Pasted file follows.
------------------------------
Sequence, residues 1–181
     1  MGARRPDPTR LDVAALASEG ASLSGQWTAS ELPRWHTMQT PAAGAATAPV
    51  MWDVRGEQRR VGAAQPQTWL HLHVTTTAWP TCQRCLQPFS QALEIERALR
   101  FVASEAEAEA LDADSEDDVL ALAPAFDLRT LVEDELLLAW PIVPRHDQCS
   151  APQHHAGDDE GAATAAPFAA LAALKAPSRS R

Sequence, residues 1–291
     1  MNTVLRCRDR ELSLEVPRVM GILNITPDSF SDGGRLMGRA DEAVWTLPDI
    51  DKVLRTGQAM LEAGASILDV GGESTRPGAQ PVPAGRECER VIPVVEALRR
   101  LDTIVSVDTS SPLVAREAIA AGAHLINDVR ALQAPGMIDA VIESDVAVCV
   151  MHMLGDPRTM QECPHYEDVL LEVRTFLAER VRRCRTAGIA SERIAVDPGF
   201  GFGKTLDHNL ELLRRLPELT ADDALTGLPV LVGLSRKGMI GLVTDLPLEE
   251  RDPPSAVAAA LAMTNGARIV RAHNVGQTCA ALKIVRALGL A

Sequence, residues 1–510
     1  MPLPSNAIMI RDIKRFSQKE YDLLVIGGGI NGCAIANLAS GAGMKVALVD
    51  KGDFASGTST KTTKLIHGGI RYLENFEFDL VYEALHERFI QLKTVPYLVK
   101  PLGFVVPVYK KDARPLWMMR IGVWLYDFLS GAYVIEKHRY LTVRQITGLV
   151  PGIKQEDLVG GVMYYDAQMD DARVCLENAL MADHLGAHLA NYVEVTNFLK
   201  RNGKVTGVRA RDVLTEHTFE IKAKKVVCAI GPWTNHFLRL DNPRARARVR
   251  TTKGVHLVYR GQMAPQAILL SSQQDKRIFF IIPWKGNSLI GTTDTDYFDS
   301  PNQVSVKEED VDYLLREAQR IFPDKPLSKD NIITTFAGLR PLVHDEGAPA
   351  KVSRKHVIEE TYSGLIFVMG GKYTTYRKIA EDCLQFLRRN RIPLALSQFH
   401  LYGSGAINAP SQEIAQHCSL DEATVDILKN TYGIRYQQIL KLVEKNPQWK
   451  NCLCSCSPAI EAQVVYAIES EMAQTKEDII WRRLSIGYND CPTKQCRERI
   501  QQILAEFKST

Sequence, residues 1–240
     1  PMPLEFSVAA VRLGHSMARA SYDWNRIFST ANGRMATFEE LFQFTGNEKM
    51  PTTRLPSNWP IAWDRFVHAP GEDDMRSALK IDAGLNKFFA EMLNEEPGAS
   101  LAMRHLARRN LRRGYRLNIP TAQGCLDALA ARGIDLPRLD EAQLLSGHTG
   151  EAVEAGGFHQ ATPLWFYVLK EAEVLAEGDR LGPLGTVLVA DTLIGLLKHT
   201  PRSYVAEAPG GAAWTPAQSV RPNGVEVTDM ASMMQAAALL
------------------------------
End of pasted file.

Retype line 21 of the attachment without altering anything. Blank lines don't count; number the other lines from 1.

   351  KVSRKHVIEE TYSGLIFVMG GKYTTYRKIA EDCLQFLRRN RIPLALSQFH